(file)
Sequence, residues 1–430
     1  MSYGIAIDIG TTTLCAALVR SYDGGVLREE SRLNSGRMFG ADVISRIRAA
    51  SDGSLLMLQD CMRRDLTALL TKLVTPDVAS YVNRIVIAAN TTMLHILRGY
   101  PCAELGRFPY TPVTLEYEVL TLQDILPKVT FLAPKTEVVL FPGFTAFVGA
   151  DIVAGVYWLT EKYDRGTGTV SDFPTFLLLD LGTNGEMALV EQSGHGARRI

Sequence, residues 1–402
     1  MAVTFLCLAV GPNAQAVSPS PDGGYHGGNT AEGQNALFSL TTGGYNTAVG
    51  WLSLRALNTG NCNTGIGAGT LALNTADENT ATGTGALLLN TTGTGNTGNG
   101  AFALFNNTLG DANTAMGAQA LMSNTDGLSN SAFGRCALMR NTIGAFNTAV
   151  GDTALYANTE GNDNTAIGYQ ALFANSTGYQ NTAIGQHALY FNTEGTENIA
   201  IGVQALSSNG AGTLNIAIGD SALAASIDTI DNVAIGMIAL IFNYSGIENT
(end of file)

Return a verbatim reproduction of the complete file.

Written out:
Sequence, residues 1–430
     1  MSYGIAIDIG TTTLCAALVR SYDGGVLREE SRLNSGRMFG ADVISRIRAA
    51  SDGSLLMLQD CMRRDLTALL TKLVTPDVAS YVNRIVIAAN TTMLHILRGY
   101  PCAELGRFPY TPVTLEYEVL TLQDILPKVT FLAPKTEVVL FPGFTAFVGA
   151  DIVAGVYWLT EKYDRGTGTV SDFPTFLLLD LGTNGEMALV EQSGHGARRI

Sequence, residues 1–402
     1  MAVTFLCLAV GPNAQAVSPS PDGGYHGGNT AEGQNALFSL TTGGYNTAVG
    51  WLSLRALNTG NCNTGIGAGT LALNTADENT ATGTGALLLN TTGTGNTGNG
   101  AFALFNNTLG DANTAMGAQA LMSNTDGLSN SAFGRCALMR NTIGAFNTAV
   151  GDTALYANTE GNDNTAIGYQ ALFANSTGYQ NTAIGQHALY FNTEGTENIA
   201  IGVQALSSNG AGTLNIAIGD SALAASIDTI DNVAIGMIAL IFNYSGIENT